Updated July 2017
Here are some good subscription sites for French teachers and adult learners. Prices were accurate at June 2016.
Frenchteacher.net is my own site. I have to mention it in case you come to this page by accident! £25 a year gets you access to over 1250 high quality editable French resources at all levels. There are over 1400 subscribers as at May 2016. I keep the cost down to get as many subscribers as possible. This is not my living but it helps!
Dolanguages is a repository for Steve Glover's A-level French, German and Spanish resources. You can buy units of work on film and literature for around £25. They are very good indeed. You'll also find his AS and A-level French language course here.
Atantôt by Esther Mercier costs £60 a year and is specifically aimed to be used on an interactive whiteboard. Visually striking, very clear, sometimes amusing. An excellent resource.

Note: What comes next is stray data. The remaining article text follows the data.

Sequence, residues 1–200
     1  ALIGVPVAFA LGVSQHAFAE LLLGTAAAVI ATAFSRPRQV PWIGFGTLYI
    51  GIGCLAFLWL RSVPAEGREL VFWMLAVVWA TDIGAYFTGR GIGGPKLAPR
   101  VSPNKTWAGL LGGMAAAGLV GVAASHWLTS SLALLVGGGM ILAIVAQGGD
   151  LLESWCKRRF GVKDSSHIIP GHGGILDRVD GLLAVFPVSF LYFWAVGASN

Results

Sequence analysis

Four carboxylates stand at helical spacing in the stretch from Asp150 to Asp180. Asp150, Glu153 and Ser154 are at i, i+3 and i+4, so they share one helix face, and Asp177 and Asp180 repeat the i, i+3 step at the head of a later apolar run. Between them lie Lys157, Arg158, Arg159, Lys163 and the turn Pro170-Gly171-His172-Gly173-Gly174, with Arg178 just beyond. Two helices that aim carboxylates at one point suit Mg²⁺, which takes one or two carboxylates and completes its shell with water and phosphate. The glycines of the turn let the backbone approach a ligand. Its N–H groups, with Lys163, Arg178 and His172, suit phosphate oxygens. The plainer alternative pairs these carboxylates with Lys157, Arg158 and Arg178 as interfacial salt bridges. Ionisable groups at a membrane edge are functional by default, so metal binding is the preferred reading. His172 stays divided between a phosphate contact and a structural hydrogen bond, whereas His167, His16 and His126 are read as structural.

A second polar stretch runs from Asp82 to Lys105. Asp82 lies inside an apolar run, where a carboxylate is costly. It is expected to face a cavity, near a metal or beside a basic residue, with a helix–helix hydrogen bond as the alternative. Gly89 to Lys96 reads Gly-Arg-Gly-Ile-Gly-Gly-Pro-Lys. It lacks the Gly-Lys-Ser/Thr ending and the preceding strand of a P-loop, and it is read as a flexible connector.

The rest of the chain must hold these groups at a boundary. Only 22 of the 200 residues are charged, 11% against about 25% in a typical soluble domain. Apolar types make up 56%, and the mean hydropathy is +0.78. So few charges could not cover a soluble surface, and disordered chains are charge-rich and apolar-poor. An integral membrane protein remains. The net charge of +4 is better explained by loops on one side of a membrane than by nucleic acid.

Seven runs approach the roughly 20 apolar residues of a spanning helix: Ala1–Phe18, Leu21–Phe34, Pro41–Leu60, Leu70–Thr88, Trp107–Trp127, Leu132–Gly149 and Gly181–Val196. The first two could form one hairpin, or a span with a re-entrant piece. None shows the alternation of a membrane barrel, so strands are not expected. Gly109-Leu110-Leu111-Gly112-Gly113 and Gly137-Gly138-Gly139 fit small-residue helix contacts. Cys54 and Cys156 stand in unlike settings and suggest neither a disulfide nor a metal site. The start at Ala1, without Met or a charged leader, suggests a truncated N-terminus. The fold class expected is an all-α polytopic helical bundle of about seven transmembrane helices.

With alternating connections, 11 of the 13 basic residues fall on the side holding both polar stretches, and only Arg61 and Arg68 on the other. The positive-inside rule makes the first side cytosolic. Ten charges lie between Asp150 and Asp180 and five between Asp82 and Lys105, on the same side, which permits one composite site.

Zut by Catherine Murphy costs £50 per year for a department or £30 for an individual subscription. It is a long established site useful for the whiteboard, but not yet functional on iPad. It is free before 9.00 and after 4.00.
The MFL Teacher has over 1500 printable resources for French and German, written by a range of contributors. Now only available through the TES site.
Linguascope is a popular site offering a wide range of activities and worksheets. A whole school site licence costs £300. The site is also a source of all sorts of other merchandise.
High Five French is from Radio Lingua Schools. It features videos and other resources for primary children. The specimen video looks quite engaging. A school package costs £137.
Teachit Languages is a subscription site with a good range of resources for various levels. It costs £25 a year for an individual subscription, £125 for a department, though access to some of the resources is free.
Frenchrevision.co.uk is a subscription site by an experienced teacher with a good range of interactive resources, including free samples. The pupil subscription is £10 a year, school subscription £40.
Taskmagic is Martin Lapworth's site which offers a suite of fun games for students as well as authoring software for making your own games or worksheets. The home page has a long list of ready-made activities which you can use once you have purchased a licence. It is very easy to use and students enjoy the games. Fees vary according to needs.